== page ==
We have made every effort to keep a rational distance from the iPhone hype – the daily news bits, the predictions of its success or failure, and the complaints about lack of certain features or how the features it has work.

We’re not here to repeat any of that. You’ve read it enough times already. Instead, let’s talk about who we believe Apple is building the iPhone for, because it seems many analysts have not come to the same conclusion as we here at Phone Scoop.

Since its unveiling, the majority of analysts and pundits have compared the iPhone to smartphones like those from Palm, HTC and Nokia. Part of this is due to the fact that like those phones, the iPhone runs a known operating system – in this case OS X – and it was believed programmers could write applications in the OS’s native language instead of using Java, BREW or some other sandbox environment. These folks, along with many hopeful Mac developers were disappointed to learn the iPhone would not run third party applications at launch.

The iPhone’s price of $500 or 600 is also more in line with that of smartphones that the average mass market phone. It is true that most high-end feature phones launch at a lower price when sold with a contract. However some phones such as the Black Motorola RAZR launched at over $400.

Recently some people have begun comparing the iPhone to corporate-centric email devices like the Blackberry (as well as Windows Mobile and Palm smartphones) because like those devices, the iPhone is capable of sending and receiving email as well as browsing the desktop web. These people tend to be surprised that a $500 phone wouldn’t have native support for Microsoft Exchange.

I don’t believe that the iPhone is designed for smartphone users – at least not smartphone users who pour over the huge libraries of software available for their device and customize it. These people represent a fraction of the cell phone subscribers in the US and abroad. They do represent a larger percentage of people willing to spend lots of money on devices and software, however, which is why so many companies pay attention to them. But other manufacturers are devoting plenty of attention to these users.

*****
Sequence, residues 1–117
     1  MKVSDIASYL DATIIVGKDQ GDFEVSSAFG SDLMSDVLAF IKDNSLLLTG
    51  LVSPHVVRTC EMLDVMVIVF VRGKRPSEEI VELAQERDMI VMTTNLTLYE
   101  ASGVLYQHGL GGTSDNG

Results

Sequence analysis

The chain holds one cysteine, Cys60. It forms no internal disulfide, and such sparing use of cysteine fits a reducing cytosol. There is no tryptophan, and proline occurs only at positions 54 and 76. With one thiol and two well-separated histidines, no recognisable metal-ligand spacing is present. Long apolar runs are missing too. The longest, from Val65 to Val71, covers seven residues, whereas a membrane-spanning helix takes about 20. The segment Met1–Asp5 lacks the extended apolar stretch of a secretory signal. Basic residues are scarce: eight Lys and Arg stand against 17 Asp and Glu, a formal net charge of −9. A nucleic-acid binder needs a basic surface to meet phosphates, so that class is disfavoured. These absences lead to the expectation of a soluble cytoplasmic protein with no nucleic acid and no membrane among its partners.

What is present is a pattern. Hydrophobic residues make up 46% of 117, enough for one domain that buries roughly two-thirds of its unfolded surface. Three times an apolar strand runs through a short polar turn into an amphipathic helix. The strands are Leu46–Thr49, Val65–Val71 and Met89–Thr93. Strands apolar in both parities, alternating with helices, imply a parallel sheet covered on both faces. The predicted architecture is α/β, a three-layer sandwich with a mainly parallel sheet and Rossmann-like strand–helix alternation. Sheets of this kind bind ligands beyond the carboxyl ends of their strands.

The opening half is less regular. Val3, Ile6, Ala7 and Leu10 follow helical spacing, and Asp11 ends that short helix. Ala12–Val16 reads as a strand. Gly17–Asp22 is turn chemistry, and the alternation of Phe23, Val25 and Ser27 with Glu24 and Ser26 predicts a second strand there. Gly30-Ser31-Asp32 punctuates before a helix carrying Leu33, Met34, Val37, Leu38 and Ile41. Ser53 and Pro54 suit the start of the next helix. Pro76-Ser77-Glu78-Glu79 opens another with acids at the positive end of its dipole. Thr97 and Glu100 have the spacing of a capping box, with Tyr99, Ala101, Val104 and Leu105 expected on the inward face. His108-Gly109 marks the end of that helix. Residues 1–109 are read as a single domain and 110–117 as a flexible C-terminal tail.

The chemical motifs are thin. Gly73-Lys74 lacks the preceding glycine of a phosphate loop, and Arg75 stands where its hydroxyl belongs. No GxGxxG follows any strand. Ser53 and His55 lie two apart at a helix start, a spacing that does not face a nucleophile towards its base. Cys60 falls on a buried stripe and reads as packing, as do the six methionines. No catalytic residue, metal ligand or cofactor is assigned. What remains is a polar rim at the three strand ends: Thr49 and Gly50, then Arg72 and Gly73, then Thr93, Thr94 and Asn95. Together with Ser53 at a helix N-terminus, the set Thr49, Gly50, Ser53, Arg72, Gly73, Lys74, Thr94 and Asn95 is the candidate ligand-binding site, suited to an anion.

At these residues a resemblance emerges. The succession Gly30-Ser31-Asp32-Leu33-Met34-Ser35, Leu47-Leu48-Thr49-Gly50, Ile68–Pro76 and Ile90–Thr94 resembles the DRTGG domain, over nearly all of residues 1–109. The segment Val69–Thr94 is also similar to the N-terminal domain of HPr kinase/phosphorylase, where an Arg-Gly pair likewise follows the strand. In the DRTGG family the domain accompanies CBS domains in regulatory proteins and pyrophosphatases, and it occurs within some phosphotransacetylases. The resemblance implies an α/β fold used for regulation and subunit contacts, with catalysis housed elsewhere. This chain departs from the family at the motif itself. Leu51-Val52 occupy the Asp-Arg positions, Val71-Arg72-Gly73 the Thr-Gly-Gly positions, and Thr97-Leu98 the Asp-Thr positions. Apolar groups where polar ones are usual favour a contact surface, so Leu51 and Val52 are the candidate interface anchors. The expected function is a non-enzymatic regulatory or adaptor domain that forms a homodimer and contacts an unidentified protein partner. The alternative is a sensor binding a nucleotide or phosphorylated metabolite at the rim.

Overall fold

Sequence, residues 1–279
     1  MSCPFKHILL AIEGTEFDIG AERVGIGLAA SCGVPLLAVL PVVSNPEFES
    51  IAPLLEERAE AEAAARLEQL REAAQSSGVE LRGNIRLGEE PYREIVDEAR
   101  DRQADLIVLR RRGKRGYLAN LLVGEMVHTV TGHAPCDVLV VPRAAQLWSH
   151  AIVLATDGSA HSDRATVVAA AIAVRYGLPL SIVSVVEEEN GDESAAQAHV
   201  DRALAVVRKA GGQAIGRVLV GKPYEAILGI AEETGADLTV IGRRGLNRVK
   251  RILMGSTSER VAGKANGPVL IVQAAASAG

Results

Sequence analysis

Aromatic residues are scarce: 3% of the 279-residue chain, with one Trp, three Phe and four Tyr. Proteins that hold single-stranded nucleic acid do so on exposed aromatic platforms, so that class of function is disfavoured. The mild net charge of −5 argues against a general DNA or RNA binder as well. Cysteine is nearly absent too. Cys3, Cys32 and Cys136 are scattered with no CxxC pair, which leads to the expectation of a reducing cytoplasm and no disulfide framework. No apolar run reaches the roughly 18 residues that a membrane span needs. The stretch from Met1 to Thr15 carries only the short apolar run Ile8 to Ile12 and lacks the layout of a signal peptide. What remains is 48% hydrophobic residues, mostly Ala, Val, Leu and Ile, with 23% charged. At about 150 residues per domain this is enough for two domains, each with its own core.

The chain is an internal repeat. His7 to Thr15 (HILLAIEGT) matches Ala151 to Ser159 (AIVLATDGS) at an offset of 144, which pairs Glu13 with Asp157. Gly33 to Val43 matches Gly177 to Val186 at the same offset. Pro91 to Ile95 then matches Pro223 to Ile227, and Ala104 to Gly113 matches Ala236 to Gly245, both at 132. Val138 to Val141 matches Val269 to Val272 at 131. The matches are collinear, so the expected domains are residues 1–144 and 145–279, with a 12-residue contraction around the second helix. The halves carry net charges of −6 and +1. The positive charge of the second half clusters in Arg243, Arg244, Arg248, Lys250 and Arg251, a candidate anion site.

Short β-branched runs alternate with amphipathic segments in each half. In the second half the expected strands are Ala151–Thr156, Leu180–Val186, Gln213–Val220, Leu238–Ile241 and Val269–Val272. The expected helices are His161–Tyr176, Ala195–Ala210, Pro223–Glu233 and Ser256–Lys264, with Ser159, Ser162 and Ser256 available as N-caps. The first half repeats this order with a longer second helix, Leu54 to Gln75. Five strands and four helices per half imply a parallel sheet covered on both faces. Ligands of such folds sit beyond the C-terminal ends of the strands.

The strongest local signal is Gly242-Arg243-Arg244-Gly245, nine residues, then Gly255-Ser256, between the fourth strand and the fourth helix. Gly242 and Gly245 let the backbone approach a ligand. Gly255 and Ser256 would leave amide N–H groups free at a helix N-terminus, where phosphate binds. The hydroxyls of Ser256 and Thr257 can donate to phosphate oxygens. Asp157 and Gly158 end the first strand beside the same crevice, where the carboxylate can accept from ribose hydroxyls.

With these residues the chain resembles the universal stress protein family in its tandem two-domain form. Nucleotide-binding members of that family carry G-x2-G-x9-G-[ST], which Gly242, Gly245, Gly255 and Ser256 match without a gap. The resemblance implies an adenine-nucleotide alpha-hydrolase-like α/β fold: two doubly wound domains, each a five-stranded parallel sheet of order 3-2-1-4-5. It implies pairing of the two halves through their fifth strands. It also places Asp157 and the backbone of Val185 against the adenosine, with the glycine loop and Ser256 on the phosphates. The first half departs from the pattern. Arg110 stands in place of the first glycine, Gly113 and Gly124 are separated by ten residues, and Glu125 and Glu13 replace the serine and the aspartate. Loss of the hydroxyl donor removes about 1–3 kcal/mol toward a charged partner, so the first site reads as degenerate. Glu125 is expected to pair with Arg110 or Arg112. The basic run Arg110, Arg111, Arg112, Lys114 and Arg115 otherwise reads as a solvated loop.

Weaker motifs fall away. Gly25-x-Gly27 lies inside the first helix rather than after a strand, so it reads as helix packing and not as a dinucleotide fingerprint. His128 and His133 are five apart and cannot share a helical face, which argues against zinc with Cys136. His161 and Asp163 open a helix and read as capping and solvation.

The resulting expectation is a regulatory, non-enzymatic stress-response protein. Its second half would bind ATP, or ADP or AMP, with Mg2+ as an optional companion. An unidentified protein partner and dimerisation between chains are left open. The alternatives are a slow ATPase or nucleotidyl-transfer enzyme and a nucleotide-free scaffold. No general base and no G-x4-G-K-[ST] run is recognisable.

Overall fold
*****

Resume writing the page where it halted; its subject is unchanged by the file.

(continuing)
I don’t believe that the iPhone is designed for corporate email addicts either. The number of people who use Exchange is far outpaced by the number of people who have “standard” email accounts. Even most corporate users have their own personal email accounts with Gmail, Hotmail or some other POP or IMAP service. However, as with the smartphone crowd, corporate users often spend more money on devices and calling plans than others, so great deal of attention is devoted to them.

But what about everyone else – all those people who comprise the vast “mass market”? These people usually just get a free or inexpensive phone, but they have been convinced to get something more expensive and / or more advanced in a few cases. Often they will spend more if a phone has an impressive design – one that is well beyond the ordinary. Other times they will spend more for features that they use all the time and want in their mobile phone.

When mass market users upgrade to one of these more expensive devices, they aren’t looking for every feature under sun, or the option of every feature under the sun. They are looking for a good, solid, friendly version of the feature(s) they want.

The SideKick’s success among IM addicts is an excellent example. It appealed to people who used the internet and all of its common communication channels (im, email, web) every day. It had a unique form factor and a unique set of features. And even though it hasn’t been a huge success, the SideKick has gotten many subscribers to switch from a simple feature phone to a more advanced handset. In many ways, it paved the way for the iPhone.